4 Growing Discontent After 1763, relations between Britain and the 13 colonies grew strained. George III wanted the colonists to help pay for the Seven Years’ War and troops still stationed along the frontier. “No taxation without representation.” The colonists protested that since they had no representation in Parliament, the British had no right to tax them. British troops fired on a crowd of colonists in the “Boston Massacre.” Colonists protested by dumping British tea into Boston Harbor in the Boston Tea Party. Representatives from each colony met in a Continental Congress. War broke out between Britain and the colonists. The Second Continental Congress declared independence from Britain and issued the Declaration of Independence.
4 A New Constitution The new constitution reflected the Enlightenment ideas of Locke, Montesquieu, and Rousseau. • The framers of the Constitution saw government in terms of a social contract. They provided for an elective legislature and an elected president. • The Constitution created a federal republic, with power divided between the federal government and the states. • The federal government was separated among the legislative, executive, and judicial branches. Each branch was provided with checks and balances on the other branches. • The Bill of Rights, the first 10 amendments to the Constitution, recognized that people had basic rights that the government must protect.
4 Separation of Powers
France 1789 Revolution-Causes and Results
4 Causes and Effects of the French Revolution Long-Term Causes Immediate Causes Huge government debt Poor harvests and rising price of bread Failure of Louis XVI to accept financial reforms Formation of National Assembly Storming of Bastille Corrupt, inconsistent, and insensitive leadership Prosperous members of Third Estate resent privileges of First and Second estates Spread of Enlightenment ideas Immediate Effects Long-Term Effects Declaration of the Rights of Man and the Citizen adopted France adopts its first written constitution Monarchy abolished Revolutionary France fights coalition of European powers Reign of Terror Napoleon gains power Napoleonic Code established French public schools set up French conquests spread nationalism Revolutions occur in Europe and Latin America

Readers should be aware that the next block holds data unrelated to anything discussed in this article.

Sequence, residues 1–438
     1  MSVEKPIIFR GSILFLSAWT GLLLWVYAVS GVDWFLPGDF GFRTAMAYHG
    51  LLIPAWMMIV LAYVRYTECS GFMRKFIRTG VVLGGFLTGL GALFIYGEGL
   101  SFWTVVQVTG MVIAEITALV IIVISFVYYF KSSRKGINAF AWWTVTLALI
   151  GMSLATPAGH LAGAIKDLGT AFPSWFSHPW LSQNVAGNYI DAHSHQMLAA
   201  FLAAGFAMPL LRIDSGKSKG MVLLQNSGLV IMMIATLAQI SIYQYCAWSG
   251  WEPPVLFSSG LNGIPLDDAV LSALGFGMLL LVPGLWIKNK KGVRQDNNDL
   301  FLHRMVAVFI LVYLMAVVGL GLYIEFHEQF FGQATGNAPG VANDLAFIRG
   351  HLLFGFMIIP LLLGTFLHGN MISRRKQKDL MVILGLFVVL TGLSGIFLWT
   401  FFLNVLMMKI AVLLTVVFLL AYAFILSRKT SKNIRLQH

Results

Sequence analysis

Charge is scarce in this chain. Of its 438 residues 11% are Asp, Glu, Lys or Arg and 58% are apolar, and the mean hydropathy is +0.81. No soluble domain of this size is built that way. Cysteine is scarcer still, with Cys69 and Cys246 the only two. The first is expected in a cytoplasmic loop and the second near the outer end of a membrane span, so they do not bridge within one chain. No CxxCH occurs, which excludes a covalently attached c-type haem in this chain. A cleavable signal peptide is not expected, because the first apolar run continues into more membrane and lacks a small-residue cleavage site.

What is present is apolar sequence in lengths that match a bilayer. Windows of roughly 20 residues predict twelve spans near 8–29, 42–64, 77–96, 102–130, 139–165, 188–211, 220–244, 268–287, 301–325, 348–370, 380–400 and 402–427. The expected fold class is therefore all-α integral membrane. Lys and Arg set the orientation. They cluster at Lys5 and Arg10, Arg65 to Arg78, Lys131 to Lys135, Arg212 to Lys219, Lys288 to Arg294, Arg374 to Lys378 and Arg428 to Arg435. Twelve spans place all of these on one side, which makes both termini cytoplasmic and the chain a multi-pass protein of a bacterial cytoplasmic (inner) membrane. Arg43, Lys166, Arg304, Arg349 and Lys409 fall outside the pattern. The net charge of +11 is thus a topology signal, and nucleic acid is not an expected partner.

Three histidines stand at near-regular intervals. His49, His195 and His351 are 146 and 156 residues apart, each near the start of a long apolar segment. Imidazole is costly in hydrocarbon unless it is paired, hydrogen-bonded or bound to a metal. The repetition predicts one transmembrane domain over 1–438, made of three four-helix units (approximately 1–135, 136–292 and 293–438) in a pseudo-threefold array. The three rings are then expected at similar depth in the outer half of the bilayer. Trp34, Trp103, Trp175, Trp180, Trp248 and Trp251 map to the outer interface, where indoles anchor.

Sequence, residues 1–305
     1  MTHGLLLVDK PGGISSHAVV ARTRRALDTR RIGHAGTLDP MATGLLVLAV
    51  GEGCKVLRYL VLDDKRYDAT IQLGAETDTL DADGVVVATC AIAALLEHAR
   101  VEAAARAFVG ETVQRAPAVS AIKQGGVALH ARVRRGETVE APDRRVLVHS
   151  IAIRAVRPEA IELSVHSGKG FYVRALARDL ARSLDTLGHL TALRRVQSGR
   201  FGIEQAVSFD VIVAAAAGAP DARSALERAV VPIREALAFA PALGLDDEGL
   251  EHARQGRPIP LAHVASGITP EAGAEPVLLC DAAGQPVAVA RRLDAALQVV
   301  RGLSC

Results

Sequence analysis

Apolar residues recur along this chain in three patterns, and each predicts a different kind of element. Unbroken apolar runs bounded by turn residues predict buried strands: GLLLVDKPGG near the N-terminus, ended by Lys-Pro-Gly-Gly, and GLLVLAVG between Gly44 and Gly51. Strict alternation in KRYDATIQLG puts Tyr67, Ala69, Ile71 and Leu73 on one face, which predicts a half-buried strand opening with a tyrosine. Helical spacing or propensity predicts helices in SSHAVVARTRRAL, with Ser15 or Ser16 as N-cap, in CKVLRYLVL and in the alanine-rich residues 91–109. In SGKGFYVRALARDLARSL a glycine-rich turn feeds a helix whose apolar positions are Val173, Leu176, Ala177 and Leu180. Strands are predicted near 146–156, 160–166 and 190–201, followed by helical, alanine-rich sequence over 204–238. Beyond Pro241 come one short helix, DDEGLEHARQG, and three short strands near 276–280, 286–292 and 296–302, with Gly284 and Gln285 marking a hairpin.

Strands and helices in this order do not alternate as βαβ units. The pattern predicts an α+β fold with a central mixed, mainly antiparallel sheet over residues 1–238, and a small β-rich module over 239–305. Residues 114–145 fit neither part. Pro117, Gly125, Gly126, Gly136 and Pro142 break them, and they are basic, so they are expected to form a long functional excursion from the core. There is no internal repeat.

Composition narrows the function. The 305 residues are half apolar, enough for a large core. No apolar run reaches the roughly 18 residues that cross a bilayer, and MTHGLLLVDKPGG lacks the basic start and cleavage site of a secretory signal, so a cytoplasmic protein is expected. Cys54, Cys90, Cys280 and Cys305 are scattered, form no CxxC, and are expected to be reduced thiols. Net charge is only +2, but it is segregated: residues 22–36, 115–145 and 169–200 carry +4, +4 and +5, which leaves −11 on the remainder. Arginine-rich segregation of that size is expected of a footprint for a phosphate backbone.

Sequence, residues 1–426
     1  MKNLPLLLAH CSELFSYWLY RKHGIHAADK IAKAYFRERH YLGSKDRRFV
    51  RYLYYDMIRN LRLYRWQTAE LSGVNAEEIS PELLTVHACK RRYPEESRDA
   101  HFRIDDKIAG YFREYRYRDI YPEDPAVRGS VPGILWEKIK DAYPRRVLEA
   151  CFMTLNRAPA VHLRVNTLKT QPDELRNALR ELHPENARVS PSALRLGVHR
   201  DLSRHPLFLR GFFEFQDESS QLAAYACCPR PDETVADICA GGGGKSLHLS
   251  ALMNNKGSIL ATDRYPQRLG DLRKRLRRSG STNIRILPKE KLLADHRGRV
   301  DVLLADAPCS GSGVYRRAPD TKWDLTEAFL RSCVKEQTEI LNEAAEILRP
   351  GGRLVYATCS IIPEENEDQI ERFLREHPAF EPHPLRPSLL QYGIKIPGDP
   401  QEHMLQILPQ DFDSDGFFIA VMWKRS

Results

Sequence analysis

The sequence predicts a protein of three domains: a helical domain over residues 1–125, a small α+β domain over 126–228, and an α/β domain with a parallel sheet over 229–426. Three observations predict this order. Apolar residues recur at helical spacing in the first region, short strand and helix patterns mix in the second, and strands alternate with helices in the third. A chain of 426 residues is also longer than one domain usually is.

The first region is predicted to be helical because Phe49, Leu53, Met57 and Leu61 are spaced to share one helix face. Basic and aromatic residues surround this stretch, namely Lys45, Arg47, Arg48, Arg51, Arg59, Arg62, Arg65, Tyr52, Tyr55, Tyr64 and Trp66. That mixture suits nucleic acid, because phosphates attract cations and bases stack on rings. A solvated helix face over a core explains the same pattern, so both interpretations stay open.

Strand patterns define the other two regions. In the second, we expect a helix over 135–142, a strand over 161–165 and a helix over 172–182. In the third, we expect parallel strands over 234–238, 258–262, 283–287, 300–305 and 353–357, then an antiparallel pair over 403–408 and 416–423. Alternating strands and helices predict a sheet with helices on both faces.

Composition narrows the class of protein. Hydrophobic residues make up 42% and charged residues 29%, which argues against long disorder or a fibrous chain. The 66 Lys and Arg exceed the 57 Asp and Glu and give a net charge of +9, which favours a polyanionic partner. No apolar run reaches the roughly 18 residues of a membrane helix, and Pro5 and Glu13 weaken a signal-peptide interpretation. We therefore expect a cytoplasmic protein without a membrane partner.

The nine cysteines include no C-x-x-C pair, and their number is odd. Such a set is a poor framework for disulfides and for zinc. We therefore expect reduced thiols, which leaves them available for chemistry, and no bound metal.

3 Changes in Daily Life By 1799, the French Revolution had dramatically changed France. It had dislodged the old social order, overthrown the monarchy, and brought the Church under state control. Many changes occurred in everyday life: • New symbols, such as the tricolor, emerged. • Titles were eliminated. • Elaborate fashions were replaced by practical clothes. • People developed a strong sense of national identity. • Nationalism, a strong feeling of pride and devotion to one’s country, spread throughout France.
Haiti( 1791) and Latin America (1808-1825) Revolutions –Causes and Results
3 What Caused Discontent in Latin America? By the late 1700s, the revolutionary fever that gripped Western Europe had spread to Latin America. There, discontent was rooted in the social, racial, and political system that had emerged during 300 years of Spanish rule. • Creoles resented their second-class status. • Mestizos and mulattoes were angry at being denied the status, wealth, and power available to whites. • Native Americans suffered economic misery under the Spanish. • Enslaved Africans who worked on plantations longed for freedom.
3 Independence in South America In South America, Native Americans had rebelled against Spanish rule as early as the 1700s, with limited results. It was not until the 1800s that discontent sparked a widespread drive for independence. Simon Bolívar, called “The Liberator,” led an uprising that established a republic in Venezuela. He then captured Bogotá, Ecuador, Peru, and Bolivia. • In 1816, José de San Martin helped Argentina win freedom from Spain. He then joined forces with Bolívar. • Bolívar tried to unite the liberated lands into a single nation called Gran Columbia. However, bitter rivalries made that dream impossible. Before long, Gran Columbia split into three independent countries: Venezuela, Columbia, and Ecuador.